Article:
DUH, be careful with your money? DUH, invest wisely? DUH, not every service out there is applicable to you? When my friends buy computers at a store, they actually pay upwards $100 for the technician to do something a first grader could for them, for free. You don't see me making riot signs and pissing on their store. Not everyone needs that service, but there are some really confused individuals who'd rather not risk it -- that's for them. Does it take advantage of the customer, or is the cost the price of peace of mind? That's for you to decide, but it will always be just that: a personal decision.

Making this thread (and multiple accounts) really makes you seem spiteful, like he hurt your ego and now he must pay. If you think you're doing the forum a great service by playing the superhero -- you're not. It's just exasperating. =\

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Re: Please be careful with your hard-earned money.

#7 Post by kinougames » Sat Jul 24, 2010 7:33 pm

Aleema wrote:Oh, boy. What a wank-fest.

DUH, be careful with your money? DUH, invest wisely? DUH, not every service out there is applicable to you? When my friends buy computers at a store, they actually pay upwards $100 for the technician to do something a first grader could for them, for free. You don't see me making riot signs and pissing on their store. Not everyone needs that service, but there are some really confused individuals who'd rather not risk it -- that's for them. Does it take advantage of the customer, or is the cost the price of peace of mind? That's for you to decide, but it will always be just that: a personal decision.

Making this thread (and multiple accounts) really makes you seem spiteful, like he hurt your ego and now he must pay. If you think you're doing the forum a great service by playing the superhero -- you're not. It's just exasperating. =\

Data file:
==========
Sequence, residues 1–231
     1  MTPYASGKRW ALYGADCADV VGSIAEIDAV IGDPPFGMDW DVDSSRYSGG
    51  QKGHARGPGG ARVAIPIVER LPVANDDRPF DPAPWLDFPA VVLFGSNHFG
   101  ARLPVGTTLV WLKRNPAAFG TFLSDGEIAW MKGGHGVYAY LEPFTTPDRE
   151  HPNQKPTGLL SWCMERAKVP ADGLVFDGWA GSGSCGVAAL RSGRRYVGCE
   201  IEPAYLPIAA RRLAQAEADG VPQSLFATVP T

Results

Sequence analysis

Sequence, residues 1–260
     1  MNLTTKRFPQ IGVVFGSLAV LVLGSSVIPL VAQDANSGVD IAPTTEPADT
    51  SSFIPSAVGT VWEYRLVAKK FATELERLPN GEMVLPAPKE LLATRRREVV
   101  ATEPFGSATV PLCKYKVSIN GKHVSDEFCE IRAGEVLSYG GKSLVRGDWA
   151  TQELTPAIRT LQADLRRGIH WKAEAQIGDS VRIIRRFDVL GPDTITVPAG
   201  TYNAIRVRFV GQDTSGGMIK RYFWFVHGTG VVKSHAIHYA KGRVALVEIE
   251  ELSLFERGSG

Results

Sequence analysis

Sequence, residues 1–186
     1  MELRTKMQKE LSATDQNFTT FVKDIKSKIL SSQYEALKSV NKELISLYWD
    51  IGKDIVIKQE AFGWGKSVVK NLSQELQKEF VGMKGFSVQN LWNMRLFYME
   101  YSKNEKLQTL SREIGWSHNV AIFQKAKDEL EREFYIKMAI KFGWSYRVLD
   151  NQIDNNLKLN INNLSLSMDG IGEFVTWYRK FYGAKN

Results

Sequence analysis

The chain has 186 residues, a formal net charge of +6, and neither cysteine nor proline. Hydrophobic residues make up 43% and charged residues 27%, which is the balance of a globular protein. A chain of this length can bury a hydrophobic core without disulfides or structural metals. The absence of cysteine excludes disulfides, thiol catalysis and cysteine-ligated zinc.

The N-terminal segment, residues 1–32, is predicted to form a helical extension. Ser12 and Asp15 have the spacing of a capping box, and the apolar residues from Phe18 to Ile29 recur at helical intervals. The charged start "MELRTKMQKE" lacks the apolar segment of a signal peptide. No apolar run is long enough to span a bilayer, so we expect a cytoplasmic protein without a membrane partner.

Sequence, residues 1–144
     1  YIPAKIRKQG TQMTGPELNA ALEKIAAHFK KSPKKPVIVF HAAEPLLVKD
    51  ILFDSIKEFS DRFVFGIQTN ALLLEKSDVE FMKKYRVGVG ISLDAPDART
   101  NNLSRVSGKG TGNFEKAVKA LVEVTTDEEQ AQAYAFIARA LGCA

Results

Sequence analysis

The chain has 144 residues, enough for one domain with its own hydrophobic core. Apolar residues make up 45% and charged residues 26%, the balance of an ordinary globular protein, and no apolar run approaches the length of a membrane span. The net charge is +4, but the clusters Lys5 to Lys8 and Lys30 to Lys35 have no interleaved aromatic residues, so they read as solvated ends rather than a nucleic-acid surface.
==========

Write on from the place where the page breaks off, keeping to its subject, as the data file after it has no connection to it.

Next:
I'm sorry you feel that way as someone interested in his work, but it's not a matter of "not every service out there is applicable to you". It's a matter of "his business practices and manner are poor, and he refuses to provide proof of changes when asked reasonable questions".

The things I've mentioned above are not at all "duh". Obviously you need to be careful with your money. Most people at least attempt to be careful with their money. However, not all people know the signs of scamming/poor business and that is why people invest poorly despite trying to be careful with their money.

If you want to use his service, you'll do so despite hearing criticism on his practices. Anyone who wants to do something will do it. I haven't said a single thing that isn't true, that can't be quoted back to directly in the thread itself.

Furthermore, 4 people make up kinougames, and we've used the account for work purposes and for individual purposes.

I was legitimately interested when I first came across the post. After my questions were ignored, and the questions of others were ignored, I became not only uninterested but seriously worried at the legitimacy of the venture. The fact is: The business uses common tactics attributed with scammers. Even speaking on nothing in the project itself, it does. This by itself is enough to worry about.

Furthermore, I've stated more than once that a service is worth what you can get people to pay for it. If your friends want to pay $100 for services they can do for free, then the companies they pay obviously have figured out that they can make people pay that. However, those companies also clearly state what they can and cannot do. Topagae and datingsim.org give a lot of allusions to being able to do things that they have not proved they are able to do (which is the definition of a scam). What is safer? Asking a programmer who might not deliver, but is free, to do it? Or to pay someone who might not deliver to do the same work?

There's a huge disconnect between worthwhile service that everyone understands works, and service that no one has seen work. It's a mistake to assume it works better because he charges for it, and people who get taken in by scams unfortunately don't learn that until they lose money.
Last edited by kinougames on Sat Jul 24, 2010 7:55 pm, edited 2 times in total.
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Re: Please be careful with your hard-earned money.

#8 Post by PyTom » Sat Jul 24, 2010 7:41 pm

kinougames wrote:You might've realized that Ren'py games can be run in Android already
No, they can't.
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Re: Please be careful with your hard-earned money.

#9 Post by kinougames » Sat Jul 24, 2010 7:44 pm

PyTom wrote:
kinougames wrote:You might've realized that Ren'py games can be run in Android already
No, they can't.
Ah, whoops, misfire! My apologies.
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Re: Please be careful with your hard-earned money.

#10 Post by Topagae » Sat Jul 24, 2010 8:25 pm

Aleema wrote:Oh, boy. What a wank-fest.